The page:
- "Tim Curry Has Another Outlandish Role In 'Shadow'". Orlando Sentinel. Retrieved January 21, 2011.
- Schwager, Jeff (August 13, 1994). "Out of the Shadows". Moviemaker. Archived from the original on November 14, 2006. Retrieved April 16, 2007.
- Parker, Ryan (August 20, 2020). "'Darkman' Turns 30: Liam Neeson, Frances McDormand and More Remember the Arduous Making of Sam Raimi's Influential Superhero Film". The Hollywood Reporter. Retrieved August 25, 2020. Cite has empty unknown parameter:
- Peterson, Don E (August 1994). "The Shadow Takes Shape". Sci-Fi Entertainment. Cite has empty unknown parameter:
- Murray, Will (August 1994). "Master of Death". Starlog. Retrieved April 16, 2007. Cite has empty unknown parameter:
- Will Murray. "Master of Death". Starlog Magazine. No. 205. p. 27 – via Internet Archive.
- The Shadow soundtrack review at Filmtracks.com
- Wilmington, Michael (July 1, 1994). "Sumptuous Sets Can't Hide Flat Storyline Of `The Shadow'". Chicago Tribune. Archived from the original on September 17, 2011. Retrieved August 24, 2019.
- Natale, Richard (July 6, 1994). "Fresh Ideas Pay Off at Box Office : Movies: Strong openings boost concept films such as 'Speed,' 'The Shadow' and other original ideas, while star vehicles stall". Los Angeles Times. Retrieved January 12, 2011.
- Turan, Kenneth (July 1, 1994). "Movie Reviews `The Shadow': The Look Says It All Exciting visuals help bring film to life, but able actors can't make the writing right". Los Angeles Times. Retrieved January 12, 2011.
- "Fourth of July Weekend Box Office". The Los Angeles Times. July 7, 1994. Retrieved January 12, 2011.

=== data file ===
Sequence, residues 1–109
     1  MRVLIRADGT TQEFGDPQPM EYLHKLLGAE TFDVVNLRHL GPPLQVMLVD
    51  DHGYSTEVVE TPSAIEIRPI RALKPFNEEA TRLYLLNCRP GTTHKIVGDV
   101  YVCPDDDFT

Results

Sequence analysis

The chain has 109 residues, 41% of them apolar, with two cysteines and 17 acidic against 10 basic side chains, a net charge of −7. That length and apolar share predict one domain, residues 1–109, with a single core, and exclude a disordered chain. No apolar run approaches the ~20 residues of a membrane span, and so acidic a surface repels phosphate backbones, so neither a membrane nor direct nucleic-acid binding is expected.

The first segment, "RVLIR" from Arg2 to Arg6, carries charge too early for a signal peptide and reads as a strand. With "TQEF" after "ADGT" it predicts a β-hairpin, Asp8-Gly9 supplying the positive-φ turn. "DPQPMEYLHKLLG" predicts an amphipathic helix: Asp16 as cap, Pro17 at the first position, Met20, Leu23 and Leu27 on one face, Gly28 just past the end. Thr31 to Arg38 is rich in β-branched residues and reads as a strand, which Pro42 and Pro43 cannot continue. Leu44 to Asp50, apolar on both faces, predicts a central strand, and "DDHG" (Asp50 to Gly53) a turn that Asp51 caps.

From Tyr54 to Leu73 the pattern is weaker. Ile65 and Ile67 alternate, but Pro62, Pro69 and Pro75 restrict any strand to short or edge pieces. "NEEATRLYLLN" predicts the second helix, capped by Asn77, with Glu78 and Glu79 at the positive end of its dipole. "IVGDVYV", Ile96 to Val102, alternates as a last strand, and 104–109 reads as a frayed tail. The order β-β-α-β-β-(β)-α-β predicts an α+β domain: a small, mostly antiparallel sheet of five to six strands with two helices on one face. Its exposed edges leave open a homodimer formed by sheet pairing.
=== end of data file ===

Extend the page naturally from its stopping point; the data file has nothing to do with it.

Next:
- "The Shadow (1994)". Rotten Tomatoes. Retrieved August 26, 2019.
- "SHADOW, THE (1994) B". CinemaScore. Archived from the original on December 20, 2018.
- Owen Gleiberman (July 8, 1994). "The Shadow". Entertainment Weekly.
The movie has all the coherence of a bad acid flashback.
- EW Staff (April 29, 2009). "21 Worst Comic-Book Movies". Entertainment Weekly.
- Ebert, Roger (January 1, 2000). "The Shadow Movie Review & Film Summary (1994)". Chicago Sun-Times.
- Elliott, David (December 25, 1994). "On the big screen, color it a satisfying time". The San Diego Union-Tribune (1, 2 ed.). p. E=8.
- MacCambridge, Michael (December 22, 1994). "it's a LOVE-HATE thing". Austin American-Statesman (Final ed.). p. 38.
- Luceno, James (1994). The Shadow. New York: Ivy Books. ISBN 9780804112963.
- Sims, Chris (August 12, 2016). "Ask Chris #302: All The Fun Of A VHS Tape In Comic Book Form". ComicsAlliance. Retrieved October 18, 2016.
- "The Shadow - Super NES". IGN. Retrieved October 18, 2016.
- Laraque, J.A. (May 19, 2011). "Unreleased: The Shadow". ObsoleteGamer.com. Retrieved October 18, 2016.